“What you are reading right now is a blog. It’s written and posted by me, because I want to. I get no financial remuneration for writing it. I don’t have to meet anyone’s criteria in order to post it. Not only I don’t have an employer or publisher, but I’m not even constrained by having to please an audience. If people won’t like it, they won’t read it, but I won’t lose anything by it. Provided I don’t break any laws (libel, incitement to violence, etc.), I can post whatever I want. This means that I can write openly and honestly, however controversial my opinions may be. It also means that I could write total bullshit; there is no quality control. I could be biased. I could be insane. I could be trolling. … not all sources are equivalent, and all sources have their pros and cons. These needs to be taken into account when evaluating information, and all information should be evaluated. - God’s Bastard, Sourcing Sources



“You should prepare yourself to dedicate at least five or six years to your training and practice to understand the philosophy and physiokinetics of martial arts and karate so that you can understand the true spirit of everything and dedicate your mind, body and spirit to the discipline of the art.” - cejames



“All I say is by way of discourse, and nothing by way of advice. I should not speak so boldly if it were my due to be believed.” - Montaigne

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Muscle Memory - Is It Real or Is It Memorex

Blog Article/Post Caveat (Read First Please: Click the Link)

Most everyone in the martial arts & Karate/training industry has used the term 'muscle memory'.   Muscles don't have memory.   The brain has memory.  Specifically, the motor cortex of the brain is what has memory for functions of the body, including the head, trunk, and extremities.

The motor cortex is:  The region of the cerebral cortex most nearly immediately influencing movements of the face, neck and trunk, and upper and lower extremities; it corresponds approximately to Brodmann areas 4 and 6 of the precentral gyrus and anterior paracentral gyrus, and immediately adjacent portions of the superior and middle frontal gyri; its effects on the motor neurons innervating the skeletal musculature are mediated by corticospinal fibers (pyramidal tract) and corticonuclear fibers and are particularly essential for the human capacity to perform finely graded movements of the extremities, especially the upper.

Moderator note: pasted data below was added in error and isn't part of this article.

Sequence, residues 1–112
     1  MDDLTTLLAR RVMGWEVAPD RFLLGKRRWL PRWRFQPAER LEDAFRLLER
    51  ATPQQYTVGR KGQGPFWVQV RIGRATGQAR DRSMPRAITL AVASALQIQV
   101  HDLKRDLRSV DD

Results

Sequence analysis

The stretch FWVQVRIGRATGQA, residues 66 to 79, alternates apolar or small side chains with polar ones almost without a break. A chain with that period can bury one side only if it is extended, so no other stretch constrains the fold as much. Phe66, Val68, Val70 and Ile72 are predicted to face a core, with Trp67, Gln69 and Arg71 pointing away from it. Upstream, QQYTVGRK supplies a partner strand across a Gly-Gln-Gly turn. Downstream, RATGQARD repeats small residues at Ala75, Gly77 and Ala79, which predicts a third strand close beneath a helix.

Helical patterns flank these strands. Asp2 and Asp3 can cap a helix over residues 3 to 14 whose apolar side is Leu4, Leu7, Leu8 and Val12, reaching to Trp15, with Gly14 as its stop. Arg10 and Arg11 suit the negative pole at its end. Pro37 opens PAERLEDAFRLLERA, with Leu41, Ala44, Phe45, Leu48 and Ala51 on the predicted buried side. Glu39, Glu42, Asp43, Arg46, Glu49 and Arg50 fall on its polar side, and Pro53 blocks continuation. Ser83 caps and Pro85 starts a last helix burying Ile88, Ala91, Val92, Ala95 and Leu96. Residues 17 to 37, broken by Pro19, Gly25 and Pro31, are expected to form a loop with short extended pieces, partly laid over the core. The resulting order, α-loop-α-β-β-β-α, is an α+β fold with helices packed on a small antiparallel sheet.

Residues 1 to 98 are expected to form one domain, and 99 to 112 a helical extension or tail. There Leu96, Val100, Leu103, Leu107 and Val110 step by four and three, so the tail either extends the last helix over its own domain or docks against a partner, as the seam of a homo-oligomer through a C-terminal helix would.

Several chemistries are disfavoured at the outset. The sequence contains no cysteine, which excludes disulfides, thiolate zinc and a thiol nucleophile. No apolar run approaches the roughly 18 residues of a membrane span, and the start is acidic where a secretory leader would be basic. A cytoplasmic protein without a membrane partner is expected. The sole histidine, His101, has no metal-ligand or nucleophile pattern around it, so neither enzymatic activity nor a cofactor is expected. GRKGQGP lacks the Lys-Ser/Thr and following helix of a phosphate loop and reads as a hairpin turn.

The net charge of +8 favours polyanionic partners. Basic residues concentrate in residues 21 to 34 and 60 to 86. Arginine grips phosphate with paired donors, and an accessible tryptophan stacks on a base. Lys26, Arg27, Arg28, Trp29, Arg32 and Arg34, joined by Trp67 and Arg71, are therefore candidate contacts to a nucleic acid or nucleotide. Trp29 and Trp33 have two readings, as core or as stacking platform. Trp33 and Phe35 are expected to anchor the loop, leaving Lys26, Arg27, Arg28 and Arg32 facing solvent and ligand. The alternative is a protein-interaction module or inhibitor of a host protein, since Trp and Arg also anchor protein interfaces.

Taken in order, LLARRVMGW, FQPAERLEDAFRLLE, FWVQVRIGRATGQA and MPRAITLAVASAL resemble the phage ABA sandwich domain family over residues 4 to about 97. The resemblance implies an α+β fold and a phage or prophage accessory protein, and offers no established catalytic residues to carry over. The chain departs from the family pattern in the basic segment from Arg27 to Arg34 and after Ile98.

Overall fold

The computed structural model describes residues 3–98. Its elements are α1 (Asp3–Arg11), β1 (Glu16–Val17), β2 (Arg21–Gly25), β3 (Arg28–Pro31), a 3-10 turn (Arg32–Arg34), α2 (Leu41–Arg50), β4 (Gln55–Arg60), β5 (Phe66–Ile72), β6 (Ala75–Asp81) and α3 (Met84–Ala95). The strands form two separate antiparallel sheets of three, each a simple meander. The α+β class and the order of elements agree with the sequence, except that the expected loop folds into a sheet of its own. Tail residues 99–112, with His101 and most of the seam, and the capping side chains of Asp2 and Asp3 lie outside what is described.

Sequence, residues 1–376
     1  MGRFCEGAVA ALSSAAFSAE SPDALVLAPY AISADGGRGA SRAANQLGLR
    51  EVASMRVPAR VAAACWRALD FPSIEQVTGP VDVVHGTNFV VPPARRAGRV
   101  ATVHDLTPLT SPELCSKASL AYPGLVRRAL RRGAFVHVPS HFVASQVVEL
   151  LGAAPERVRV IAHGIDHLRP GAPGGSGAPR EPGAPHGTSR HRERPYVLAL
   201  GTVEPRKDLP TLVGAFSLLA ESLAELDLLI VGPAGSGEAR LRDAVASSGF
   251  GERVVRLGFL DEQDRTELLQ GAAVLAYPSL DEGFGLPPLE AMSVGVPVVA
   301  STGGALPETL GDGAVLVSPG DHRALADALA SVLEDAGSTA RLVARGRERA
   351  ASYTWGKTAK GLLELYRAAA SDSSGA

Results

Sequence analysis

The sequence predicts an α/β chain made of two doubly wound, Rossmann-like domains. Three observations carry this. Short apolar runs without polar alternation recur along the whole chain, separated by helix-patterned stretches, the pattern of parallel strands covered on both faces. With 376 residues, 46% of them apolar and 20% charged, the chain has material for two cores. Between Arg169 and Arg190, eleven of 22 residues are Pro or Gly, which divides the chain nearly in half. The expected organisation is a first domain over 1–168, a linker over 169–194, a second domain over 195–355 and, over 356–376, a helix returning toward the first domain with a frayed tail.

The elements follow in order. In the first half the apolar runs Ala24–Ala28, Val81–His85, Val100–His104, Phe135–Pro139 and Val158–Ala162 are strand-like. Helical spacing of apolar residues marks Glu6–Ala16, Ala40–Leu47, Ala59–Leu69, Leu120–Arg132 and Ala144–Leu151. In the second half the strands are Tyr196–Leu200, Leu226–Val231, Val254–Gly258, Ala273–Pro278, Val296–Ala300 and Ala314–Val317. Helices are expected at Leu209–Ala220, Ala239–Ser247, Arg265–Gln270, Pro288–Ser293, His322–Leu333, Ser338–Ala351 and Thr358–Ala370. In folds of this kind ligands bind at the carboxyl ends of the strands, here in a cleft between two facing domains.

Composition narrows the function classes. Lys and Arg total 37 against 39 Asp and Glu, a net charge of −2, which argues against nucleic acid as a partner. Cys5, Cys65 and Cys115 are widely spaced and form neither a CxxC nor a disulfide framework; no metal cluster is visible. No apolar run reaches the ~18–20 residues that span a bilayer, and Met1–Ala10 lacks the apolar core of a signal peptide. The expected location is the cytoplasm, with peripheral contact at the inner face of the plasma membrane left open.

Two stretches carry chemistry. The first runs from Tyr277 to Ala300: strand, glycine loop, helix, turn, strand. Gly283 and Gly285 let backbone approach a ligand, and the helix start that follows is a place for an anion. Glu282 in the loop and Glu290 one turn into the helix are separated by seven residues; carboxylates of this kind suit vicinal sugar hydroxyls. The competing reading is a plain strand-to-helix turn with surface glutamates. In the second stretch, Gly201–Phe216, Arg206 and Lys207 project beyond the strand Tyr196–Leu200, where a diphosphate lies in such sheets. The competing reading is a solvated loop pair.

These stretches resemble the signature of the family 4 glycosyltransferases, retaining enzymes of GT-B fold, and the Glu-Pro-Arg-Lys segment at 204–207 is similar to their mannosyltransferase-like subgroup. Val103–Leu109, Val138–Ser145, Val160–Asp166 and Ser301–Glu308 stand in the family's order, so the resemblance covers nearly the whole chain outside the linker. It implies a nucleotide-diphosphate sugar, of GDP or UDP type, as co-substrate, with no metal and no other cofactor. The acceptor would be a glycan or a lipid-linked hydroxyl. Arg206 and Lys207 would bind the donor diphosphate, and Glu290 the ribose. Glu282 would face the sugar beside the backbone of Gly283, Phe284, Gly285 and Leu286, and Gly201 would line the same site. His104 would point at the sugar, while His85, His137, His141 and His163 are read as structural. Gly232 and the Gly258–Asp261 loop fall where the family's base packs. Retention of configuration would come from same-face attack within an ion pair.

The various areas of the motor cortex control voluntary movement, extremity sensation (the feel of the bo in your hands or the feel of your keys when you unlock a door), gross voluntary movement and fine voluntary movement (gross and fine motor skills).

Muscles don't have memory.  The brain does.  Parts of the brain shut down during fight or flight which is why fine motor skills are lost in life or death or serious injury situations.

In truth, for the ease of instruction and understanding the term ‘muscle memory’ should take on an additional definition just for the training and practice discipline. I would venture to say that muscle memory is: